Key Terms in this Chapter

Heuristic Epistemology: The equilibration of coherent and consistent data-generated knowledge of the data triangulation structuring apperception, appraisal, and appropriation techniques that underscores the worldviews of the epistemic communities.

Disequilibration: The unbalancing of big data analytics across the IoT created by the shortcomings inherent in the divergence or discrepant cases of data, data outliers, or inaccurate observation or illogical reasoning.

Data Deontological Hermeneutics: The interpretation of data regarding the means by which the rightness or wrongness of data analytics might be conceived to implicate the sense-making process of big data analytics.

Data Teleological Hermeneutics: The alignment, fitness, or suitability of challenging the interpretation of data structuring big data analytics.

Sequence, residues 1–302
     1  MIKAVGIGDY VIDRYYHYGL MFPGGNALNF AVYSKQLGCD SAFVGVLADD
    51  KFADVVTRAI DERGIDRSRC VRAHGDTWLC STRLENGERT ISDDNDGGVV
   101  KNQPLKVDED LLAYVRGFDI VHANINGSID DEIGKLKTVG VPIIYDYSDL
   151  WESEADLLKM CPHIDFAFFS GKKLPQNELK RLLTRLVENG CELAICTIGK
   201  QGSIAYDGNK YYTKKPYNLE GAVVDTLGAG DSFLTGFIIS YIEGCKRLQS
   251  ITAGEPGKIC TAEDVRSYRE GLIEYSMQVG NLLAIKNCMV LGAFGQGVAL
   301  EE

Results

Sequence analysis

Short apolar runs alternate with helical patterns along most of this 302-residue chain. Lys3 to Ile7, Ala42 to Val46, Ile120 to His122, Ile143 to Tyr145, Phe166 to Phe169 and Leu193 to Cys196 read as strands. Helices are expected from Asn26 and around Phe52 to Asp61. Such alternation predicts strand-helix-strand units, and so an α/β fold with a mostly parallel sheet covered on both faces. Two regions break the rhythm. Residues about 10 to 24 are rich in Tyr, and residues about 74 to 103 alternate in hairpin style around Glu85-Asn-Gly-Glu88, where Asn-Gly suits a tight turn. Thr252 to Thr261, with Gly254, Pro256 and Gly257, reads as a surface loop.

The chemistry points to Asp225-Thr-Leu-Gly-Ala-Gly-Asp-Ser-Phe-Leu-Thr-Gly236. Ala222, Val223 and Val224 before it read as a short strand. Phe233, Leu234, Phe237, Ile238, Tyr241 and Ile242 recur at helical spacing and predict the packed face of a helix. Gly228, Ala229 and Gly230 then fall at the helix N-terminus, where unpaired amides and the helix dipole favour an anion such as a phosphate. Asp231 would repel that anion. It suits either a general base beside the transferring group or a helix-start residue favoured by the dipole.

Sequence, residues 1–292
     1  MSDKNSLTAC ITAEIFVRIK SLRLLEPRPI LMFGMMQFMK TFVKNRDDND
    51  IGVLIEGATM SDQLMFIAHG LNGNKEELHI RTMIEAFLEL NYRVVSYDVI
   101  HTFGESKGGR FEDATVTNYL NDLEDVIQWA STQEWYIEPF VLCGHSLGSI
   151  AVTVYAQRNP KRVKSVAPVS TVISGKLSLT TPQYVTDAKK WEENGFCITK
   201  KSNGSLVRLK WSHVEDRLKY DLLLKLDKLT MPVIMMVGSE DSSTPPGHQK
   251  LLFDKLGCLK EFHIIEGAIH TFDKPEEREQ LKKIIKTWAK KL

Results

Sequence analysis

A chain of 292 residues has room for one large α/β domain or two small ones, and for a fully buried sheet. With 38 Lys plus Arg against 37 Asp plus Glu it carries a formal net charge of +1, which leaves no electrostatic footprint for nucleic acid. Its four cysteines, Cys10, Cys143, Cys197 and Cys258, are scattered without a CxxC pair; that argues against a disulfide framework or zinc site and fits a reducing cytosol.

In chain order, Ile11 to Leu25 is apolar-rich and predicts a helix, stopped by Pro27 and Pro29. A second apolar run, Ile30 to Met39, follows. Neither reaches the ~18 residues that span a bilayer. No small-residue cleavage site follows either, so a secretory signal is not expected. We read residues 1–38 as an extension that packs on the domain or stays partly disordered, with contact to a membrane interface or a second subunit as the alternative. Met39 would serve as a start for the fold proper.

Epistemic Communities: A network of the ethos of political policy actors, stakeholders, the citizenry, and professionals with the data capacity of shared knowledge, policy-relevant knowledge, policy analytic data, policy coordination, policy innovation, principled belief systems, mutual expectations, collective action, and shared interpretations.

Stable Equilibration/Re-Equilibration: The rebalancing of big data analytics created by the elimination of shortcomings inherent in the divergence or discrepant cases of data, data outliers, or inaccurate observations or illogical reasoning to contribute to the IoT action-learning solution.

Political Ideology: The balancing of a coherent and consistent set of policy beliefs and techno-politic data interest that implicates public policy data epistemology.

Public Policy Data Epistemology: The problem resolution continuum of evolving big data analytics of complex situational needs and public policy issues of organization and citizenry across the power of the IoT ecosystem framework of the epistemic communities.

Equilibration: The balancing of big data analytics created by the initial stage of policy data analysis across the IoT.